Transrectal ultrasound of the prostate with biopsy

What is it?

A transrectal ultrasound (TRUS) is an ultrasound technique that is used to view a man’s prostate and surrounding tissues. The ultrasound transducer (probe) once inside the rectum sends sound waves through the wall of the rectum into the prostate gland, which is located directly in front of the rectum. TRUS may also be called prostate sonogram or endorectal ultrasound.


Although there are different indications for performing this type of exam, the main reason remains when prostate cancer is suspected (abnormal digital rectal exam and/or elevated PSA levels) and needs to be confirmed or inferred. A TRUS may be done to:

  • diagnose prostate cancer
  • determine prostate gland size
  • assist with guidance when prostate biopsies are performed
  • assist with diagnosis of certain male infertility etiologies
  • assist in monitoring evolution and/or treatments for prostate cancer
  • assist in certain cases of prostate infection

How is the exam performed?

The examination will be performed with you lying on your left side with knees bent towards your chest. A gown will be provided. You will be conscious and awake during the procedure.

The examination will begin with a digital rectal exam of the prostate (finger test). A thin ultrasound probe will then be inserted into the rectum through the anal orifice to visualize the prostate on a screen and perform a series of biopsies.

These are done in suspicious areas or randomized normal looking zones with a very fine needle that is projected rapidly next to the probe through the rectal wall into the prostate to obtain tissue samples. A minimum of 6 biopsies will be collected and sent off for histopathological analysis to determine if there are any cancer cells present. Biopsies are generally not very painful and well tolerated.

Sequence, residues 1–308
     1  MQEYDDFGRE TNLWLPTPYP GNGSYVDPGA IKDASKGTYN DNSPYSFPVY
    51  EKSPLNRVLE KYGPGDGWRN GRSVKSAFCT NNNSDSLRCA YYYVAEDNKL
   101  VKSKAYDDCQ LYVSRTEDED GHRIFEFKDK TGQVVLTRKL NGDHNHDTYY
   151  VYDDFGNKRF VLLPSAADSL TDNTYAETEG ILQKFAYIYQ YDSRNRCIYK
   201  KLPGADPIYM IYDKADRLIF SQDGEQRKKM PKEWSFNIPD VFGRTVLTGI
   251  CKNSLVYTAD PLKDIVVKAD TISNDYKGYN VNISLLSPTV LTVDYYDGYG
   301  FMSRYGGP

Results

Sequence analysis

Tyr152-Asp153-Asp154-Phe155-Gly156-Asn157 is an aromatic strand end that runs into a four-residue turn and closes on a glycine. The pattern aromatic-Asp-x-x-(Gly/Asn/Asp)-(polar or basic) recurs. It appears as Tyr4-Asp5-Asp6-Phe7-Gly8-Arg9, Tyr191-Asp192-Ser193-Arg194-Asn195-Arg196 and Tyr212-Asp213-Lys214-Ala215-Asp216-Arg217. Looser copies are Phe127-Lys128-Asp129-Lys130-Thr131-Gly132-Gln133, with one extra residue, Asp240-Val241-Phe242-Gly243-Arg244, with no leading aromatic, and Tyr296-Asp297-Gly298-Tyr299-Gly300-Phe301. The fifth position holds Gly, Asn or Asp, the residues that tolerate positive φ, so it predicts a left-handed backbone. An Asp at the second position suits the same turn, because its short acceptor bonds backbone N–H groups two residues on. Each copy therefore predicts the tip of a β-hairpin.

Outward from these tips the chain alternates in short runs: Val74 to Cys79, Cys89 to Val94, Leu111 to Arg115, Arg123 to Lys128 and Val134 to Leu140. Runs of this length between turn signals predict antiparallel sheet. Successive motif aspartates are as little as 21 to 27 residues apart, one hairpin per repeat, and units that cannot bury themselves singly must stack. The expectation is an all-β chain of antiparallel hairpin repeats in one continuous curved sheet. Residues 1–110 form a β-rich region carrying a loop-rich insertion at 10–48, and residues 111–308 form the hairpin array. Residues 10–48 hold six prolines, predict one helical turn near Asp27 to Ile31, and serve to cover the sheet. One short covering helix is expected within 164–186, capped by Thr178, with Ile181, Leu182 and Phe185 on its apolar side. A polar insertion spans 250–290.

The entire procedure usually takes 10-15 minutes. Even though the result of the ultrasound will be given immediately at the time of the test, the pathology results of the tissue samples can take up to 2-3 weeks to obtain.

Is it painful?

The patient may feel pressure or have a sensation of fullness in the rectum when the transducer is in place. As for the biopsies, these are generally not very painful and well tolerated as the actual prostate gland is not very sensitive.

What to do before the exam?

On the day of the examination, fasting is not necessary and you may eat normally. The preparation that was prescribed by your urologist needs to be taken accordingly. It will consist of taking preventive antibiotics orally and performing a rectal enema a few hours before the procedure. All anticoagulants (blood thinners) should be discontinued prior to the test as per your urologist’s instructions (5-7 days beforehand depending on which medication is used).

What are the risks of a transrectal ultrasound?

After the procedure, it is normal to observe some bleeding in the urine and/or the stools. This bleeding is usually minimal and of short duration (a few days to a week or so). It will resolve on its own spontaneously. It is also perfectly normal to observe blood in the semen (hematospermia). It can be red, brown, or black. Contrary to the presence of blood in the urine and stool, hematospermia can last a few months with episodes of normal semen in between. It does not require treatment, will resolve on its own, and is not a contraindication for sexual intercourse. Regardless of the taken precautions, prostate infections can occur and will require appropriate antibiotic treatment. Blood thinners that were discontinued prior to the examination can be started 48hrs after.

Abnormal and heavy bleeding after the procedure (such as important and continuous blood flow or blood clots with urinary obstruction), fever/chills, or rarely difficult urination due to swelling of the prostate should prompt you to seek immediate medical attention. These situations are quite infrequent if given instructions are respected.



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